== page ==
Exchange Act 20(e). The court next rejected the investor relation firm’s argument that the SEC needed to prove that they had “actual knowledge” of CyberKey’s and Plant’s violations of Exchange Act Section 10(b) and Rule 10b-5 in order to be found liable under Exchange Act Section 20(e), which prohibits knowingly providing substantial assistance to securities violations. Severe recklessness should not suffice to establish scienter for a 20(e) aiding and abetting claim, Big Apple argued. But 20(e) does not contain the phrase “actual knowledge,” said the court, nor does it define the term “knowingly.”

Looking to the legislative history, the court concluded that it was clear that Section 20(e) was enacted to negate the Supreme Court’s 1994 decision in Central Bank of Denver v. First Interstate Bank of Denver, which cast doubt on the SEC’s ability to pursue aiding and abetting claims under Section 10(b). The Dodd-Frank Act added to 20(e) the phrase “or recklessly” to satisfy the scienter requirement in aiding and abetting cases, which Big Apple argued showed that prior to Dodd-Frank, actual knowledge was required. Again, the Eleventh Circuit disagreed, saying that concerns about retroactive application are not implicated when an amendment that takes effect after the initiation of a lawsuit is deemed to clarify, rather than to substantively change, the law. Ultimately, the district court did not err when it found that severe recklessness was sufficient to constitute acting “knowingly” under 20(e), held the court.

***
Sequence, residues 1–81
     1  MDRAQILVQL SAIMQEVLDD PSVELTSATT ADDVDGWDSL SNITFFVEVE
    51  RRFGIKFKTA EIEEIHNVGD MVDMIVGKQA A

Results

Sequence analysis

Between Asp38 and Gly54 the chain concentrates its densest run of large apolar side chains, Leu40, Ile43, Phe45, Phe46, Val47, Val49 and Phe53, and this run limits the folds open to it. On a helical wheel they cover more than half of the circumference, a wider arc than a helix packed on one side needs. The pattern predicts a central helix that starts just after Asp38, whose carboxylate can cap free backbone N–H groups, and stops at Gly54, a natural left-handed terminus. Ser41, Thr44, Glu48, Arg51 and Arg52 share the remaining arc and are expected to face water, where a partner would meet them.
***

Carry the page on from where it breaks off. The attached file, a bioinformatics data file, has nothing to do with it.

The court also rejected an argument that the district count incorrectly included a jury instruction about “deliberate ignorance” and failed to include language that focused on the defendant’s subjective beliefs. There was more than sufficient evidence to warrant a deliberate ignorance instruction, the court concluded.

The case is No. 13-11976.

Attorneys: Theodore Weiman for the SEC. Mark C. Kaley, pro se. Carl Francis Schoeppl, Jr. (Schoeppl & Burke, P.A.) for Big Apple Consulting USA, Inc. and MJMM Investments, LLC.

Companies: Big Apple Consulting USA, Inc.; MJMM Investments, LLC